'Of the Rising Sun'
A gentle stream of air blew across Nora’s face causing her hair to crawl across her skin. She winced in an effort to peel open her eyes. A white light spanning the width of her squinted vision flooded her view before her eyes adjusted to the brightness. The first thing she saw was the sun-filled blue sky above.
It didn't take long before she realized the world was moving around her. As the physical sensations of her body were restored she became acutely aware of the fact that she was, at that moment, being dragged across the ground on a weathered tarp. She could smell the earthy dust being kicked up around her, and winced whenever the ground was particularly rocky. Twisting her neck, she saw two men dressed in baggy, brown clothing which protected their skin from the burning sun's rays. Their backs were to Nora as they continued to transport her over the grassy terrain, pulling on thick ropes that were attached to the fabric she was laying on.
Suddenly fearful of getting flung off during her precarious ride on the tarp, Nora grabbed on tight to it. Upon hearing the sound of her grunting efforts, the younger of the two men slacked his rope and turned, immediately locking eyes with her.
“She’s awake!” he shouted, his young voice nearly cracking from his excitement.
“Get her some water out of my bag,” the older man ordered, and then he too dropped his rope and knelt down to peer at Nora's sun-scorched face.
“Miss, Miss, can you hear me?” the older man asked. His gray mustache wiggled under his elongated nose as he spoke, and his skin was weathered by years of being outdoors under the hot unfiltered sun.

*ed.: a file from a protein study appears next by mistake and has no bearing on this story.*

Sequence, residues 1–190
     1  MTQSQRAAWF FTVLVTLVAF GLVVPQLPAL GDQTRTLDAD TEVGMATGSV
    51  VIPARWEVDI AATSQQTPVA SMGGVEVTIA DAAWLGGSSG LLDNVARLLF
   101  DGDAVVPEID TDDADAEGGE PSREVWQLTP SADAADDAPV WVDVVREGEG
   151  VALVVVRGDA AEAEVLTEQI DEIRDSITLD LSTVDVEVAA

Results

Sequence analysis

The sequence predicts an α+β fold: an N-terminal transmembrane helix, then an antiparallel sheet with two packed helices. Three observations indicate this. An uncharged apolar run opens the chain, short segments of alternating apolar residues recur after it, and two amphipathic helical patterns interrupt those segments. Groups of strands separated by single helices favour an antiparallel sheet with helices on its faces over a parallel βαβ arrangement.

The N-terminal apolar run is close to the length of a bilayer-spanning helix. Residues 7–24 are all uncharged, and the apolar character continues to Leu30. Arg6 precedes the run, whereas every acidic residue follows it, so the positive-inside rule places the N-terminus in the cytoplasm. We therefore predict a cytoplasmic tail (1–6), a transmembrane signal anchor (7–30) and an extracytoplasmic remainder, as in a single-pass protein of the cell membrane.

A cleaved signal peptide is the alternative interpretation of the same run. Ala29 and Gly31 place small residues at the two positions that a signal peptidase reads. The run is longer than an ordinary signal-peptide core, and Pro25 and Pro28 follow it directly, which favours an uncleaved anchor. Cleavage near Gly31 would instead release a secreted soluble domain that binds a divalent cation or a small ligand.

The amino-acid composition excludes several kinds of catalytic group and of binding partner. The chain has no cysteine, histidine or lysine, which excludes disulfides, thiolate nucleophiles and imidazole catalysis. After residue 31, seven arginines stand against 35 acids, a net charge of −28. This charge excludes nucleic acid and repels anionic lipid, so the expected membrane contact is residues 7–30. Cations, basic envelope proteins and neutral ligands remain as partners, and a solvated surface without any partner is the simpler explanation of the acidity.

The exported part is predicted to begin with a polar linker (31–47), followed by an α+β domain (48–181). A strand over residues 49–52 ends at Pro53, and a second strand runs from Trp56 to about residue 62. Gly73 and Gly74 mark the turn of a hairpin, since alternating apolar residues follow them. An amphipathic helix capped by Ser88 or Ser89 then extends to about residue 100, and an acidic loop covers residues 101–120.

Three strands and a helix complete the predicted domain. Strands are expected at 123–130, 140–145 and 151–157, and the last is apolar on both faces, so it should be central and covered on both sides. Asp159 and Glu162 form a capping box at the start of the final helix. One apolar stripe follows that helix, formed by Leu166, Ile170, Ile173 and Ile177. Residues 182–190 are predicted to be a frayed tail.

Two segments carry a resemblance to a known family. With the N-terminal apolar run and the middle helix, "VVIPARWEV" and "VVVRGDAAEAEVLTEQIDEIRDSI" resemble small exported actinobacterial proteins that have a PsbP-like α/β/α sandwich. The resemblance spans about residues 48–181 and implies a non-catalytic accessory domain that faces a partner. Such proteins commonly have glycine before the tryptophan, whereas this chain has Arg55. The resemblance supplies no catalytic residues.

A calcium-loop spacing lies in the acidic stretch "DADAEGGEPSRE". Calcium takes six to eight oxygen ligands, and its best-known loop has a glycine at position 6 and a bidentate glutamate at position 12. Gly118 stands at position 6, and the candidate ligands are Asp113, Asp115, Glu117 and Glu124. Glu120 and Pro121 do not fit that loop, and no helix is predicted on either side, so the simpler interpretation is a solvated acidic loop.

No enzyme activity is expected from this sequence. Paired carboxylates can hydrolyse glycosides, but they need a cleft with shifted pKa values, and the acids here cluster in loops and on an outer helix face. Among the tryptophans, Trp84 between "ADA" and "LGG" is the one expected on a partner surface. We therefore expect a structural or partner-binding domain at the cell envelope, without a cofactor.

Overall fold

Nora still felt woozy, and she fought to focus on what the older man was saying to her. As she regained more of her basic motor skills, reality sunk in and her eyes widened.
“Where?” was all Nora finally managed to get out of her uncooperative mouth. Her tongue grazed across her teeth before she was able to close her jaw again––her lips were so dry they were cracked in several places. She squinted and shook her head in an attempt to join the world she had awoken into. At that moment, a softer voice—the voice of the younger man––filled her ears.
“Where did you come from?” the young man asked, but before Nora had a chance to answer, the older man interrupted—snatching the water canteen from the younger man's hand as he did.
“You need to relax. Take a deep breath and focus. My name's Creel and this here is Traxton,” The mustached man said in a soothing tone while handing the water jug to Nora.
Traxton quietly moved closer and knelt beside the tarp. His light brown hair fell across his face as a gust of wind blew by. “You have been unconscious for at least the last two days. And honestly, we don't know how long you were out before that. Creel and I found you on one of our routine scouting missions.”
Nora looked at the younger man as she continued to drink from the water jug. Too parched to stop drinking, she raised one eyebrow as she stared at him, hoping this would prompt him to continue explaining the situation while she desperately rehydrated.
“Traxton, reach back into my satchel and grab a bit of food for our guest will you?” Creel, the older of the two men, instructed. Traxton began to fumble through the brown leather bag, quietly speaking to himself as Creel peered into Nora’s eyes.
“Our camp is not far from here. It’s a full three-day walk from where we found you. Lucky for you, we’ve already carried you through most of it,” he grinned. His attempt to lighten the mood with humor did little to calm Nora’s nerves and her brow remained furrowed.